Similarly, taking actions that result in the reduction of women in the workplace (whether because their part time positions are eliminated or because their compensation is so diminished that they leave) is impractical and has ramifications in the business world. Like it or not, clients are insisting on diversity from their law firms, as general counsel increasingly are women who want to see that the legal teams presented to them are diverse. Moreover, study after study show that women attorneys add value and bring different skills to the workplace from their male counterparts. Simply put, allowing the number of women attorneys to be driven down by a process that ignores quality of work and overall contribution is bad business.

That is why law firms should first be evaluating whether layoffs are even necessary, instead of assuming that they are. In fact, as any good business person knows, there are other ways to achieve cost savings without layoffs. These alternative measures also can enhance the culture and increase the commitment of the existing workforce, instead of weakening or even destroying it. For example, what if large law firms considered the following alternatives to lowering costs:

--Forget about the almighty profits per partner contest, which forces deequitization decisions and devotion to a meaningless numbers game. and make decisions that are tied to the success of the business and the clients upon whom large law firms rely;

--Reduce the number of first year associates hired and pay them less. By continuing to pay high salaries to first year lawyers, law firms breed the expectation that salary is not attached to value, that somehow because someone went to law school he/she should earn twice or three times as much as those who went to medical school or business school;

--Re-jigger the law firm model to focus on efficiency and competency--not hours in the office or hours on a project--but on productive time doing quality work. That may mean that a firm keeps an 80 percent associate whose work is stellar over a full time associate who bills 2500 hours at a less productive and lower qualitative level;

--Commit to diversity so that the result of any reduction in the work force is not the elimination of women and people of color in partnership positions or in the associate ranks, but the retention of a workforce that has the richness that comes with different genders and different colors.

--Encourage and reward loyalty as any firm that is held together by profits per partners cannot survive in the long run

If the iceberg made up of disgruntled clients and disillusioned associates is to be avoided, law firms have to change course.  But, in doing so, law firms should reject the automatic default to actions that adversely impact diversity and culture.  Now is the time for strategic, bold, and course correcting decisions that will ensure the future of the firm for more than the next profits per partner list.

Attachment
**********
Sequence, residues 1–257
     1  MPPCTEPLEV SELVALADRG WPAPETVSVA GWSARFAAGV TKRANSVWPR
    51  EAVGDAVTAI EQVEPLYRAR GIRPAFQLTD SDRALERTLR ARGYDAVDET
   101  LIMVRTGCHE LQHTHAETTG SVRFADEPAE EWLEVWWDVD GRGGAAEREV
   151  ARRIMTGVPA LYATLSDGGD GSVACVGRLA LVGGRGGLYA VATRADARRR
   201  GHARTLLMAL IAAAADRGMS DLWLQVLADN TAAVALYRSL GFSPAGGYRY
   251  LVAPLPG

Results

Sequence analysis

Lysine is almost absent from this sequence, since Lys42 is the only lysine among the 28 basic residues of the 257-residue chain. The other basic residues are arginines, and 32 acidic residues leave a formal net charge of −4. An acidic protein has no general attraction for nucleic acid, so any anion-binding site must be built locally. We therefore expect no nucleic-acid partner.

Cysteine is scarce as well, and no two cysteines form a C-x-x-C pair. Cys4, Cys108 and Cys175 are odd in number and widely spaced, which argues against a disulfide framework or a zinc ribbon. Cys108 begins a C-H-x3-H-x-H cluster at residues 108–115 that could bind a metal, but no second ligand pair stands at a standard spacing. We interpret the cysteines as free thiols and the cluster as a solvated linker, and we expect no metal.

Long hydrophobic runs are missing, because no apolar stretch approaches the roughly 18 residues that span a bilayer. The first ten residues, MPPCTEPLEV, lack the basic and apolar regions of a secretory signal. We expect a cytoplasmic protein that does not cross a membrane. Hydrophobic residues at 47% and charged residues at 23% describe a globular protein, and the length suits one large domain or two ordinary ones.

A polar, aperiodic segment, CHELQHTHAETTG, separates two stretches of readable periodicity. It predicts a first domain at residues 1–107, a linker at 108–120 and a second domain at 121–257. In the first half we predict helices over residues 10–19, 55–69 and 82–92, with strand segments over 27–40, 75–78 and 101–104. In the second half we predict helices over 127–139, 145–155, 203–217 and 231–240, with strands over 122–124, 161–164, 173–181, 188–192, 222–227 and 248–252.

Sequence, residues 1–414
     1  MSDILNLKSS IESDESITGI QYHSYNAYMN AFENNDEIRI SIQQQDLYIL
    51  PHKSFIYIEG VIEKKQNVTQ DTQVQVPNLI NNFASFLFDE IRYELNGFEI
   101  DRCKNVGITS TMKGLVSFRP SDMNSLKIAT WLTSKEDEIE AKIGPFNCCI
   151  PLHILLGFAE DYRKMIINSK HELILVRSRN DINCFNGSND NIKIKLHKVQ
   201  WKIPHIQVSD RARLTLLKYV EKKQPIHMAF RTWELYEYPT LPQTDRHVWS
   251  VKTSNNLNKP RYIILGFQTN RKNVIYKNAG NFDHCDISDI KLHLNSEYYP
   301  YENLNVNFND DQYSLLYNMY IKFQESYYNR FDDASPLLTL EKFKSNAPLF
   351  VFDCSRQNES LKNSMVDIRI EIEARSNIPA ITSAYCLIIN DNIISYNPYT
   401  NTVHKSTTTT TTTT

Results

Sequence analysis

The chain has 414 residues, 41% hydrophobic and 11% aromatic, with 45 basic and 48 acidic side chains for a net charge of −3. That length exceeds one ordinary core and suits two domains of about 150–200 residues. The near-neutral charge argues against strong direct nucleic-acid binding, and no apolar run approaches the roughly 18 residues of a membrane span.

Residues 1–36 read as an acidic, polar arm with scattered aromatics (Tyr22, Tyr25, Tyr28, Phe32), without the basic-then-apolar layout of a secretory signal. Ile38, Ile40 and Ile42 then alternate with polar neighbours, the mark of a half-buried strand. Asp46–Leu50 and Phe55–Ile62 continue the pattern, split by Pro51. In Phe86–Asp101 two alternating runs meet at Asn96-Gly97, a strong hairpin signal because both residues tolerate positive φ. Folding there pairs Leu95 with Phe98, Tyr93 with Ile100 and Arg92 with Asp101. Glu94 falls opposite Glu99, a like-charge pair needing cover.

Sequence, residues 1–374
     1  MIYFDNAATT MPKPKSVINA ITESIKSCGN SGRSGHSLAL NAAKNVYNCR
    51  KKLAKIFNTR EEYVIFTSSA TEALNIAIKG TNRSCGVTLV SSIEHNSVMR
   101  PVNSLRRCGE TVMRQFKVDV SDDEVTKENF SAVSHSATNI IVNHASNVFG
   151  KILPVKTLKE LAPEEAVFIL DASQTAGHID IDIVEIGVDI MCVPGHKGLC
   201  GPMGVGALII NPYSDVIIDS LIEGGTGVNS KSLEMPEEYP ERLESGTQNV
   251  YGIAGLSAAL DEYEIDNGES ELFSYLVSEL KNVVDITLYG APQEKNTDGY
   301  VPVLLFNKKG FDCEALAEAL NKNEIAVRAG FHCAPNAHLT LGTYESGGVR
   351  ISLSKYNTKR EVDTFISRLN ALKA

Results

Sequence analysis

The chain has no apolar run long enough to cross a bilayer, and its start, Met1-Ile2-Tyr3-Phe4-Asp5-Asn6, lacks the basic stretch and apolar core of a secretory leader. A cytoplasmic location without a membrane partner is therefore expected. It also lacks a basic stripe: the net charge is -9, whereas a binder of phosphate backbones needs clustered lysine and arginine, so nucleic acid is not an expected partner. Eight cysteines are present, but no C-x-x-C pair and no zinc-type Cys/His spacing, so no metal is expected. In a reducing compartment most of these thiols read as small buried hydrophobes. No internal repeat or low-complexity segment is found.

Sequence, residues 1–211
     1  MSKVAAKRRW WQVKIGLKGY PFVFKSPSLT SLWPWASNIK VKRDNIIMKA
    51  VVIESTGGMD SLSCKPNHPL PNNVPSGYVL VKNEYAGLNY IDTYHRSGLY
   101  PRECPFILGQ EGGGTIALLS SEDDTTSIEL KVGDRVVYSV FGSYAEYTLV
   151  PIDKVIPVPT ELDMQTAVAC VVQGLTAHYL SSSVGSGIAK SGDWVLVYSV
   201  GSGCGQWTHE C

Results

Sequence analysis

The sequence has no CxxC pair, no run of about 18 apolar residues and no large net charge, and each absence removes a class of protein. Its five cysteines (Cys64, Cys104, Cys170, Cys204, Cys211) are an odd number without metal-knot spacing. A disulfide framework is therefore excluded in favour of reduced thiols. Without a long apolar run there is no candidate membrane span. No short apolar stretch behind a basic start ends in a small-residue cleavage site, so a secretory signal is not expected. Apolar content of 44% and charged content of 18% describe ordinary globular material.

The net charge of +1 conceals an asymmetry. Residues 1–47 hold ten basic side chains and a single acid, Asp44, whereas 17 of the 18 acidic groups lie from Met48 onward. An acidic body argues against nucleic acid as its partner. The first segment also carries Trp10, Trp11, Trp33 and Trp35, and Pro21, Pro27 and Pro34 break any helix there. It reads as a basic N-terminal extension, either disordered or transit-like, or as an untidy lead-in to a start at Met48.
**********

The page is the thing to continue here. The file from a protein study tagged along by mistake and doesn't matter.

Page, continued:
Gillette Patricia Gillette is the founder of the Opt In Project. She is a labor and employment partner at Orrick, Herrington & Sutcliffe. She can be contacted at

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Interesting read and very helpful tips, but I cannot help but wonder: did the managing partner ar Orrick get that memo? In the wake of the layoffs they did, I assume not.

Unfortunate, but Big Law (like much of big business) has forgotten the meaning of "equity". When a business is profitable, the owners should profit, and no one had the right to complain about the record sums made by the inner tier of the big firms in the glory days. On the other hand, when any business falls in the tank, the role of equity is to "invest" - either by coming out of pocket or at least leaving money on the table to keep the ship afloat. Like their cohorts in the ranks of CEOs and traders, the power elites in the big firms have protected their wealth at the expense of those who deliver the end product to their customers - not because it is morally right or even economically sound - just because they have the power to do it.

Totally agree with In Housr Looking Out's comments. Well put. There is also the interesting double entendre to equity...
The Canadian Bar does not pursue issues of Diversity, but rather Equity. So both the pure capital and the Human Capital aspect of this article are brought to the fore.

I do wonder what it will take for the "powers that be" to recognize what they are doing TO THEMSELVES. Cutting Associates, Staff, and even Partners so that while revenues are trending down, PPP are mostly spiking. This is not a sustainable model and is going to lead to additional problems. Notably Internal and External Conflicts with Firm Membership which will likely manifest in extremely expensive litigation. Wake Up law Firm Leaders seems pedantic but also right...A little leadership might well result in the ability to navigate about the Iceberg, rather than crashing the ship and sacrificing the future.